David Lamkins picked up his first guitar a long time ago. As best he can recall the year was 1967: the year of the Summer of Love. Four decades later David has conjured up an amalgam of folk, rock and jazz solo guitar music for the occasional intimate Portland audience.
location: Portland, OR USA

Facets: Akai, Boomerang, Electro-Harmonix, Eventide, comparison, effects, review, @musings info

Looper Roundup

Here's a review of several loopers that I've used:

Boss RC-50
Short of going to a rack unit (a Gibson Digital Echoplex, for example) plus a floor controller this is pretty much the flagship of loopers. It's complicated with lots of options. It'll store loops with the power off, so you can do things like record backing tracks - up to three parts per song - and use the stomp switches to control which part plays. There are 99 programs, each of which can store up to 3 loops. Total loop time is 48 minutes in mono or 24 minutes in stereo, so don't look to go prerecording entire songs.
Electro-Harmonix Stereo Memory Man with Hazarai
This is a jack of all trades and master of many. It includes a built-in 30-second stereo looper. Unlike the other loopers which use a footswitch tap to begin recording and another tap to stop recording, the SMMH records while the footswitch is depressed. The looper can record the selected delay effect.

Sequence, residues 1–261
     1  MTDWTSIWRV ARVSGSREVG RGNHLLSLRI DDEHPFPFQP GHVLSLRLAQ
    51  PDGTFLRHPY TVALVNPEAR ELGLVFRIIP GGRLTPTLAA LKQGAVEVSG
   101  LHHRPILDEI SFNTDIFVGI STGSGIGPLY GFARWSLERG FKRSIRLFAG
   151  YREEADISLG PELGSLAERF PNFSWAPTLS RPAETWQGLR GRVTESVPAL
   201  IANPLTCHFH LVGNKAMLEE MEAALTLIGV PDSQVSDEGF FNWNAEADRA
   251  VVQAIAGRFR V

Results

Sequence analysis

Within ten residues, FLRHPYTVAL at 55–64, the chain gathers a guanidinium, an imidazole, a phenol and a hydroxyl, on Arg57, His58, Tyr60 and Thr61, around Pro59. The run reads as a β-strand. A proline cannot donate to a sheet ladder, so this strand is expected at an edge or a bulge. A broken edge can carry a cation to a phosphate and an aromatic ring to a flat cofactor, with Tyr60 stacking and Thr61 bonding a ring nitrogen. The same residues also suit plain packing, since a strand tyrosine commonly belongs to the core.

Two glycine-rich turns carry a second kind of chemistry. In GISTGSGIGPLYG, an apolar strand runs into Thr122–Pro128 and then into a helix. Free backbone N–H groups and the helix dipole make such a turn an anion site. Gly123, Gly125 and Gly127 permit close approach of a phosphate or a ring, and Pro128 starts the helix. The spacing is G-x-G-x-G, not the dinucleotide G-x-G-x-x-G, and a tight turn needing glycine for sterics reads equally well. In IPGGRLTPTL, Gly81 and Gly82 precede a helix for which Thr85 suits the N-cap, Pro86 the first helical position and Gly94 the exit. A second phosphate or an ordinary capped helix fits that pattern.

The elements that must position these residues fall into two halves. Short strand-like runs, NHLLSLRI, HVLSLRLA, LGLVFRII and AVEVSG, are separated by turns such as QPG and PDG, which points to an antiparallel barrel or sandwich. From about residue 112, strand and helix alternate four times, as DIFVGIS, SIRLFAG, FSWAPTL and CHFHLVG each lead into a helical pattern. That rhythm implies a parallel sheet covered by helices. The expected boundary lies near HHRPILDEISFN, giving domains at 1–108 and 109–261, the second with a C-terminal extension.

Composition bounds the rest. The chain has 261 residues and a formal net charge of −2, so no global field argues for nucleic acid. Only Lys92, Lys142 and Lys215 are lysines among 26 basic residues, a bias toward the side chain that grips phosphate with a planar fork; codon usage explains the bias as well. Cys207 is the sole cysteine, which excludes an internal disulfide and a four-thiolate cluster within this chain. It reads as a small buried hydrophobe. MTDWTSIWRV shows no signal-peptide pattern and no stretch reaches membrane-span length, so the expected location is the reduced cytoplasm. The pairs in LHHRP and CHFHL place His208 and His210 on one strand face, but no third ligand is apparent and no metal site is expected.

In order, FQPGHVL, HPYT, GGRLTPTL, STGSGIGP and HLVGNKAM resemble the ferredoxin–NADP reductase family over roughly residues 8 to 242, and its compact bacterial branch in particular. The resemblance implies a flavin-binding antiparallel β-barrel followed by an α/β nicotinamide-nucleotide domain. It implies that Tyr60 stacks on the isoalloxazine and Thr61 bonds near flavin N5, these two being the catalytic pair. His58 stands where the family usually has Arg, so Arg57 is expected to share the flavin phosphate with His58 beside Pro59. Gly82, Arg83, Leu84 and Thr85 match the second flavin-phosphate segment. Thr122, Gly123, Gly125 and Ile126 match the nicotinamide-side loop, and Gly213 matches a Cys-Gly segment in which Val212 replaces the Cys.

Akai Headrush E2
This is a combination delay and looper. It's OK, but the SMMH does everything the E2 does plus a lot more. The only reason to pick this as a looper over the SMMH is if you believe you can't deal with the push-to-start / release-to-stop recording "protocol" of the SMMH. Unlike the SMMH, the E2's looper is not independent of the delay - you can use one or the other.
Eventide TimeFactor
This is, like the SMMH, a jack of all trades. As an echo it's deep and complicated and, IMO, not as well suited for guitar as the SMMH. Even though the delay stereo, the TimeFactor's looper is mono-only and (unlike the SMMH) can't be used in conjunction with the delay effects.
This is a dedicated mono looper. A nice features is the volume wheel that lets you control loop playback volume. The big downside of the Boomerang+ is that its converters don't have enough dynamic range. This means that you must carefully adjust levels for the best compromise between hiss and overload.

Note that most of these units include additional functions. The RC-50 has a drum machine; the Headrush, TimeFactor and SMMH have delays.

January 25 2009 08:18:43 GMT